By Mina Williams For The Herald
LYNNWOOD — They both studied art as young women, both married electronics engineers, both have a passion for gardening and oftentimes they wear the same color on the same day.
It’s a twin thing, say Jill and Jan Nunemaker, 58. “We can’t help it,” said Jill Nunemaker. “Everyone should be so lucky.”
After graduating college, Jill Nunemaker traveled to Sweden to paint and continue her art studies while her sister moved her career forward through graphic design across the United States.
The Spokane-born pair landed in the Puget Sound region. Jan Nunemaker moved next door to Zsofia Pasztor, owner of Innovative Landscape Technologies, Everett. The firm specializes in sustainable landscape design and construction.
“I always liked gardening and did landscaping,” Jan Nunemaker said. “A neighbor told me Zsofia was looking for someone to help with weeding and pruning and I started working for her.”
Blending her lifelong passion for gardening with art, Jill Nunemaker designed a native plant garden at a school where she was teaching art to demonstrate to students how to join art with nature.
The next logical step, the twins agreed, was to study horticulture — setting their sights on Edmonds Community College while they both worked for Pasztor.
“I went back to college when my youngest child went to college,” Jill Nunemaker said. “I was frightened. But I wanted to be able to support myself with a marketable skill, unlike fine arts.”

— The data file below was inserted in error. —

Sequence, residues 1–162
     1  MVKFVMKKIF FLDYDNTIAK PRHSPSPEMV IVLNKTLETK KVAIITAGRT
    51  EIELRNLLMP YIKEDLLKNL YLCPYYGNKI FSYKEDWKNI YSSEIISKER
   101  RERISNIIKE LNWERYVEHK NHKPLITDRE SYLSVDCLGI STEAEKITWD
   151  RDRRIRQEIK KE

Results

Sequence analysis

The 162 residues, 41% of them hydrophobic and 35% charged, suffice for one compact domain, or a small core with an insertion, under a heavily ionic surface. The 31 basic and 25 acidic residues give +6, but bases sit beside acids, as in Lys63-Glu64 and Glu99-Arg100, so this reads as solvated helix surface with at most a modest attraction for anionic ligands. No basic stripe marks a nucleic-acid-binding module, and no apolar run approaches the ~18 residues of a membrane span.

For her sister? “I wanted to prove that I could still think,” Jan Nunemaker said. “I had the art skill. What I needed was the plant skills.”
“It turned out to be not as scary as I thought it would be,” Jill Nunemaker said. “I thought I would feel out of place, but most students in horticulture are more than 40 years old and women. Going through this together is the best part. We really help each other.”
Her sister agreed. “Going back to college is very empowering, especially for women who have raised a family and look for something else,” Jill Nunemaker said. “Community college is different than four-year schools. The classes are smaller with supportive instructors who know you. I had the idea before (attending) that community college was rigorous. But it certainly does challenge you.”
Jill and Jan are now about two-thirds through the horticulture program and continue to work for Pasztor.
Their design mettle was tested in February during the Northwest Flower and Garden Show. Pasztor was asked to lead the design and implementation efforts of a display garden presented by the Washington State Nursery and Landscape Association. Pasztor asked the Nunemaker sisters to consult on the project.
Given the firm’s specialty, the garden highlighted sustainability, featuring low-impact rain gardens, green roofs, living walls, pervious pavement, low-volume irrigation, composting and a chicken coop.
The design efforts earned a bronze award and second place in the People’s Choice voting. During the show, broadcast celebrity gardener Ciscoe Morris taped his television segment in Jan and Jill’s garden.
“Green solutions are the new solutions,” Jan Nunemaker said.